FAQ: Mixtapes in Hip-Hop

10 Jan

A mixtape is a promotional collection of songs produced as a showcase of either an artist or DJ’s abilities. Named so after the cassette tape format they originally were created on, modern mixtapes are now more likely to be found as CDs or downloadable MP3 files.

For the most part mixtapes are free of charge, whereas album releases are the opposite. In terms of cost, albums are expensive to make and usually require record deals (or in the case of independent label releases, a distribution deal) to be released nationally, whereas mixtapes travel just as far via the web, and are thus the best way for unsigned artists to gain more attention and get their work spread to their target audiences. Due to the cost of album production, record labels often allow their signed hip-hop artists to release promotional mixtapes in between album releases, so as to generate online buzz and feedback regarding the content, which in turn acts as a cost-efficient way for the labels to tweak the upcoming album to fit the feedback and thus avoid an expensive flop.


Ludacris worked with DJ Drama on the 2008 mixtape 'Gangsta Grillz: The Preview' to generate buzz before the release of his album 'Theatre of the Mind'

It is common on hip-hop mixtapes to encounter DJ shout-outs and commentary over the music. The DJ in question is often ‘hosting’ the mixtape, with some DJs seen as go-to guys by upcoming and unsigned rappers requiring large attention due to their reputation. An example of a DJ who holds a high status in hip-hop due to his mixtape hosting is DJ Drama, whose ‘Gangsta Grillz’ mixtape series is considered the Holy Grail by artists (signed and unsigned) to appear on, and therefore can demand considerable fees for his co-operation. Regardless of the DJ’s reputation, however, the reasoning behind their often-annoying and overwhelming running commentary and noise is a legal one. If a mixtape track was to be particularly successful and an artist wished to release it as a single, for instance, their audience wouldn’t feel the need to purchase it if it’s already freely available on the mixtape. Hence, the DJ shouting over the record makes the songs just about listenable to enjoy, but not enough to listen casually, thus requiring purchase.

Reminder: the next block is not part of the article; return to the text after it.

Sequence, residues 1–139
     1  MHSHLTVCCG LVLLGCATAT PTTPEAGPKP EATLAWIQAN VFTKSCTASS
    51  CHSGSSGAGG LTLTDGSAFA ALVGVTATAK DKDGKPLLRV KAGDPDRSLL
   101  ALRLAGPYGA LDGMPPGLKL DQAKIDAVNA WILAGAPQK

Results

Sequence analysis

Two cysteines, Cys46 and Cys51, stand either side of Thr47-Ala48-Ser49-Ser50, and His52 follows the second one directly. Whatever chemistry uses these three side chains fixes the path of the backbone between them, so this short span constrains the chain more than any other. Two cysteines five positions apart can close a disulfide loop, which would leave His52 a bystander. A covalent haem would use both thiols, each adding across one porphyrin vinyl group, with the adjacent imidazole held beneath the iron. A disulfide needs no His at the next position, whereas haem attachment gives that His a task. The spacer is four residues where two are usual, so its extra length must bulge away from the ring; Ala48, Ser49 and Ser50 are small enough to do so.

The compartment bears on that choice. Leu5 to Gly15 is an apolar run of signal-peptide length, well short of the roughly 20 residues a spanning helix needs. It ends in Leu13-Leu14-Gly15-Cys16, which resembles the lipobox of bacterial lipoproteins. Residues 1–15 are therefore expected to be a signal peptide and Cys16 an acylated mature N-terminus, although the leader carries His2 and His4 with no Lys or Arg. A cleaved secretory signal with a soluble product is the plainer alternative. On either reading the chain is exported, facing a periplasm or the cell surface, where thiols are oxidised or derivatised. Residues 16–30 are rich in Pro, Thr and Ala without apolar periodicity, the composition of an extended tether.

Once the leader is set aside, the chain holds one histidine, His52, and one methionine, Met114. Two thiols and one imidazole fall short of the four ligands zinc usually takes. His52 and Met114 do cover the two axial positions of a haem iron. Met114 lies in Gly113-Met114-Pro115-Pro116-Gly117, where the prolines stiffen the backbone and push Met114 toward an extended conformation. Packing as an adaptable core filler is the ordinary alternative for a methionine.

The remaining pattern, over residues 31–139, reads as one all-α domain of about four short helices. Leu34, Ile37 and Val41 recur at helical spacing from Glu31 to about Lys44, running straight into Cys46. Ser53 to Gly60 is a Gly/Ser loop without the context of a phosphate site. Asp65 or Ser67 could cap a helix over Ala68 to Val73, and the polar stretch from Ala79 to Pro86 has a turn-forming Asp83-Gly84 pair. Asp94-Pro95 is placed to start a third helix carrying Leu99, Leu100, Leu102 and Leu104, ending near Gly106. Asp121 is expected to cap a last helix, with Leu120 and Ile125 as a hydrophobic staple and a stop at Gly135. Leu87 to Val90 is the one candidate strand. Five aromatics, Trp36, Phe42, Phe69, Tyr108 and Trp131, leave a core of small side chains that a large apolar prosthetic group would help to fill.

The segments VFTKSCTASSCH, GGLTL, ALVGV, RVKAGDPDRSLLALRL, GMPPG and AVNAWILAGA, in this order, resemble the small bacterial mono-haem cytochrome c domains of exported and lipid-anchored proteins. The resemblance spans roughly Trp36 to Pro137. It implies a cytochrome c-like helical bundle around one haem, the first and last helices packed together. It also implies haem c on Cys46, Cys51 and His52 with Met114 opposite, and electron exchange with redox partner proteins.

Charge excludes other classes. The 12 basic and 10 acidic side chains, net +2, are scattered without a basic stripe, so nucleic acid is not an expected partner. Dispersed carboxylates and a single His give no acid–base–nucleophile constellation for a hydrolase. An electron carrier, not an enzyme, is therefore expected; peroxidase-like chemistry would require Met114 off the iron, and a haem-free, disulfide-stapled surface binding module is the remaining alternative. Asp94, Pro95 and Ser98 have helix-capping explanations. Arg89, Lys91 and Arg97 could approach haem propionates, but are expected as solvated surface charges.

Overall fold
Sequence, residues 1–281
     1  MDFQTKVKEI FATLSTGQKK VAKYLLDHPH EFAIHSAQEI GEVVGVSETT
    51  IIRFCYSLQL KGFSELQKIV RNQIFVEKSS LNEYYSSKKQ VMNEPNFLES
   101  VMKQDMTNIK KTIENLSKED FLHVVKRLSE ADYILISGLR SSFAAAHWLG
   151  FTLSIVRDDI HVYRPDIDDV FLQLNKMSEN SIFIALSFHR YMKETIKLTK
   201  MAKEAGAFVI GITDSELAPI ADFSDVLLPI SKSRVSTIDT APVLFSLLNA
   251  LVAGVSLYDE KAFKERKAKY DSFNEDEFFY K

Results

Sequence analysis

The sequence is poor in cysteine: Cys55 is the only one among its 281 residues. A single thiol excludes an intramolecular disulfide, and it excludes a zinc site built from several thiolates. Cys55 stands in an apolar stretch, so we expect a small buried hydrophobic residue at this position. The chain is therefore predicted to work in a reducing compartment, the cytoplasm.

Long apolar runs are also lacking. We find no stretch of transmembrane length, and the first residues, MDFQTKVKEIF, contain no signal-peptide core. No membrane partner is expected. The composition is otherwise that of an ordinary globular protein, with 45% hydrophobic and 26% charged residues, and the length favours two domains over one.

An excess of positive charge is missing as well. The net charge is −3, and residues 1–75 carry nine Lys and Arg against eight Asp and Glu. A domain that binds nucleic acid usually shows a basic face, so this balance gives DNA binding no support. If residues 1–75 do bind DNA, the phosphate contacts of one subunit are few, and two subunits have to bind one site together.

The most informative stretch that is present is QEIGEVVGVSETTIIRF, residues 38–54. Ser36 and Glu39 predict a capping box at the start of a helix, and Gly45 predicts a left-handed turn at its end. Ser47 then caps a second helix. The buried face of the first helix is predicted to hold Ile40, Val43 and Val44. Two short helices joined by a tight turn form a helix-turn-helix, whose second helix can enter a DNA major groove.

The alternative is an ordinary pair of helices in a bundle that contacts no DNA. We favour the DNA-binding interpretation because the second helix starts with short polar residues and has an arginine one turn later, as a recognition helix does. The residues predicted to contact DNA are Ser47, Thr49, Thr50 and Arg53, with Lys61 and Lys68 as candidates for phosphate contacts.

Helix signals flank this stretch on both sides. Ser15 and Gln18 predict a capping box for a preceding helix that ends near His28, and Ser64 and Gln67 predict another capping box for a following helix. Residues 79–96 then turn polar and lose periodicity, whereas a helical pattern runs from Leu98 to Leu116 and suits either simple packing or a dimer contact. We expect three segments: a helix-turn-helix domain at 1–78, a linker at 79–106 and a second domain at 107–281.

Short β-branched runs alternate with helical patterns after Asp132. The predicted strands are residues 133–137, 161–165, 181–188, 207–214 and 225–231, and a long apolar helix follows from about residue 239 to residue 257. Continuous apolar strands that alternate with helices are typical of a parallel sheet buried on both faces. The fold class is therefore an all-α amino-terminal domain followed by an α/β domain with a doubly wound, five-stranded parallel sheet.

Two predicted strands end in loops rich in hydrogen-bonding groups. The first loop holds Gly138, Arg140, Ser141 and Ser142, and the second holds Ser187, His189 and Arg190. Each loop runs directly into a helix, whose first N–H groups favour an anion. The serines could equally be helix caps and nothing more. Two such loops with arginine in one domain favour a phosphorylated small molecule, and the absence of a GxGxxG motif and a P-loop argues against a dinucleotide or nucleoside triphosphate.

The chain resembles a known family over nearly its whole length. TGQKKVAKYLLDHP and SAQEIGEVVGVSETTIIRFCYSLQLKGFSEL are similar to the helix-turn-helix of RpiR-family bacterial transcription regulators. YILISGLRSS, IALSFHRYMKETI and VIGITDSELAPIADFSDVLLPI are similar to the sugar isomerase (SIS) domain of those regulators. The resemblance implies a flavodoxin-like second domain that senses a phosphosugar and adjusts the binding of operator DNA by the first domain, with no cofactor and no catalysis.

A type of track that is prevalent and mostly exclusive to the hip-hop mixtape format is the freestyle. As a pure exhibition of rapping skill, freestyles are often of a structure (one long verse, no chorus) or length that makes them far from ideal on an album release, and so take shelter on mixtapes. Another reason is that many rappers freestyle on beats already used by other artists on their singles, sometimes competitively to see who rhymes best over the production, and so the issue of copyright and royalties would come into play were it to appear on an album.


Drake's 'So Far Gone' EP contained tracks from his free mixtape of the same name

Successful singles on mixtapes tend to find their way on the artist’s next album, with a recent example being Rick Ross’ singles ‘MC Hammer’ and ‘B.M.F. (Blowin’ Money Fast)’ from his ‘Albert Anastasia’ mixtape making it onto his ‘Teflon Don’ album due to their huge radio success (although the album version of ‘MC Hammer’ included a new guest verse from Gucci Mane).